Agenda and minutes

South East Area Committee
Wednesday 1st November 2017 7.00 pm

Venue: Ipswich Academy, Braziers Wood Road, IP3 0SP

Contact: Linda Slowgrove  01473 432511

Items
No. Item

33.

Apologies for Absence

Minutes:

Apologies for absence were received from Councillor Hopgood, Councillor Maguire and County Councillor Gaylard.

34.

Unconfirmed Minutes of the Previous Meeting pdf icon PDF 121 KB

Minutes:

34.1.    Councillor Debman proposed that Minute 31.3 be amended to read as “Councillor Debman requested that all the South East Councillors should get together ….” and this was agreed.

 

Resolved:

 

that, subject to the amendment above, the Minutes of the meeting held on 6 September 2017 be signed as a true record.

35.

To Confirm or Vary the Order of Business

Minutes:

35.1.    The Chairman proposed that the Order of Business be amended so that Agenda Item 10 (Presentation from SCC Highways) be taken after Agenda Item 5 (Venues for Future Meetings) and this was agreed.

 

Resolved:

 

that, subject to Agenda Item 10 being considered after Agenda Item 5, the Order of Business be confirmed as printed on the Agenda.

36.

Declarations of Interest

Minutes:

Councillor Harsant, being the Chair of the Ipswich Community Playbus, declared an interest in Agenda Item 11 and left the room during the consideration of this item.

37.

To Confirm the Venues of Future Meetings

·                     Wednesday 10 January 2018, 7pm – Holywells ward

·                     Wednesday 14 March 2018, 7pm – Priory Heath ward

Minutes:

Resolved:

 

that future dates and venues be confirmed as follows:

 

·                Wednesday 10 January 2018, 7pm – Alan Road Methodist Church, Alan Road, IP3 8EZ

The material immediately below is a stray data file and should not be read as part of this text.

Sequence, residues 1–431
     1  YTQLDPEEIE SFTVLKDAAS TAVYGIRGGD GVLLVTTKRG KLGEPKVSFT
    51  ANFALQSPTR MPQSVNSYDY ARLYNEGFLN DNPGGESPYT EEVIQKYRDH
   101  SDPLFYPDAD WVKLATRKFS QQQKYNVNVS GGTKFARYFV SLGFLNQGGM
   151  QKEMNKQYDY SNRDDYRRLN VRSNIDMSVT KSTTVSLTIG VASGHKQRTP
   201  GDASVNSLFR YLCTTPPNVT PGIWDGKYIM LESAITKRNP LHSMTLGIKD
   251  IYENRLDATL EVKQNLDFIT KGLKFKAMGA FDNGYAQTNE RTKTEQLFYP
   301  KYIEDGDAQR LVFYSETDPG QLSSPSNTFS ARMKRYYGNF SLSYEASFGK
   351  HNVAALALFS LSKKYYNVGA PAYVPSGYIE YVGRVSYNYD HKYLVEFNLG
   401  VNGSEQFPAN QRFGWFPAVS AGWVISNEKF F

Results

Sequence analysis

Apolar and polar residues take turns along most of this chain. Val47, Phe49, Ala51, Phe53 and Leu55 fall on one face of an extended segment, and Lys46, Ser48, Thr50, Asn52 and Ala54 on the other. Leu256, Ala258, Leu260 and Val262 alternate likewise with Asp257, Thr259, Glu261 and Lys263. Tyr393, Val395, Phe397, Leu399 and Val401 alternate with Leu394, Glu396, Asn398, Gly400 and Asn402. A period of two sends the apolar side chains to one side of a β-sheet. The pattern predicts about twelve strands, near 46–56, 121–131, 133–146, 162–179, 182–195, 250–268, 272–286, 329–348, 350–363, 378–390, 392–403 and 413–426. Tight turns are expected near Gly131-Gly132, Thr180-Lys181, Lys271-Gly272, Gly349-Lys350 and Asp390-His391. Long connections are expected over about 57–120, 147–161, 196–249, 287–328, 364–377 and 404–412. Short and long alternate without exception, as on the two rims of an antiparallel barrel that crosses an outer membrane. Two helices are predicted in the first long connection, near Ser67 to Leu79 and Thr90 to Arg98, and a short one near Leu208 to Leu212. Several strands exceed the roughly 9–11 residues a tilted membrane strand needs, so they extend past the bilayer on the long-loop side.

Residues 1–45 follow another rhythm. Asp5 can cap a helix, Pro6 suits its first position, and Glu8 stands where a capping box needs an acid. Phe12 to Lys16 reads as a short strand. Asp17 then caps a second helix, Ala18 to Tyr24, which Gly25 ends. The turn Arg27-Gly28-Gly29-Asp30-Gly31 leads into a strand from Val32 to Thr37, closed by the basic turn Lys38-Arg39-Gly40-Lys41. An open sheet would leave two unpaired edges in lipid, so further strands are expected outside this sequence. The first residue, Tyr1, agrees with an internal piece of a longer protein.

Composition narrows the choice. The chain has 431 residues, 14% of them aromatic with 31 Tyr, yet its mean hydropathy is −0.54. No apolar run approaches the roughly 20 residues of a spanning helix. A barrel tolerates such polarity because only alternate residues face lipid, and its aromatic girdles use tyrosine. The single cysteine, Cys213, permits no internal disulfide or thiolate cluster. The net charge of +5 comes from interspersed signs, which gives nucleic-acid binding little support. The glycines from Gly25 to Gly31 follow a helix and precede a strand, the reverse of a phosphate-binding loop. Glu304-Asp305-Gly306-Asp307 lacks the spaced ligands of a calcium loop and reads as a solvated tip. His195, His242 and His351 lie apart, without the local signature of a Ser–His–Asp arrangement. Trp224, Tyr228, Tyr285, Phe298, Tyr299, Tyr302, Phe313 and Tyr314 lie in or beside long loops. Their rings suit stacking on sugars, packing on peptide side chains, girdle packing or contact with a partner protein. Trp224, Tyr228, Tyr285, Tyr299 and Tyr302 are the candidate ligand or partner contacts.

·                Wednesday 14 March 2018, 7pm – Priory Heath ward

38.

Presentation: SCC Highways - Road Improvement Schemes

Minutes:

38.1.    The Chair introduced Ms Proctor, Senior Engineer, and Mr Ashton, Transport Policy Development Manager, from Suffolk Highways who gave a presentation on proposed road improvement schemes in South East Ipswich with the following key points:

·           Countywide transport model had been built to consider the future growth of traffic and how it would move around South East Ipswich; this model would then be used to model the impact of the proposed schemes.

·           The road improvement schemes were jointly funded, with £3.5million from the New Anglian LEP and £1.5million from Suffolk County Council (SCC), and schemes were due to be delivered in South East Ipswich as part of the first tranche of improvements.

·           Landseer Road/Clapgate Lane: 6-week scheme already underway with street lighting upgrade, replacement of traffic signals that would be triggered by presence of traffic and renewal of footway to Cotman Road.

·           Maryon Road/Nacton Road (by the Golden Hind PH): Street lighting to be upgraded, traffic signals to be updated, carriageway to be widened to two lanes that would merge again just past the Golden Hind PH.  8-week scheme to commence in January 2018.

·           Bixley Road/Foxhall Road: Street lighting to be upgraded, bus stop and pedestrian crossing to be moved in order to create two lanes on the approach to the Heath Road roundabout to increase capacity. Works to commence in January 2018.

·           St Augustine’s roundabout: Carriageway to be widened on the approach to St Augustine’s roundabout from the Warren Heath roundabout.  Street lighting and traffic signals to be upgraded and a new pedestrian crossing to be added. Works to take place in March – August 2018.

·           Nacton Road/Landseer Road/Rands Way roundabout: Public consultation for this scheme was about to commence, with 4,000 letters to be issued to local residents giving details of the consultation events. The proposed scheme would remove the roundabout, close off Rands Way and install traffic signals. This design was in response to high level of maintenance to the kerbs on this roundabout and a number of minor accidents involving cyclists and pedestrians.  The consultation would run from 6 November to 4 December 2017.  Further details could be found on the website: www.suffolk.gov.uk/ipswichimprovements.

38.2.    Local resident: Has a risk assessment been done for the closure of Rands Way as many ambulances go past Rands Way and closing if off would result in a longer response time for ambulances.
All of the emergency services would be consulted on the proposed changes as part of the consultation process.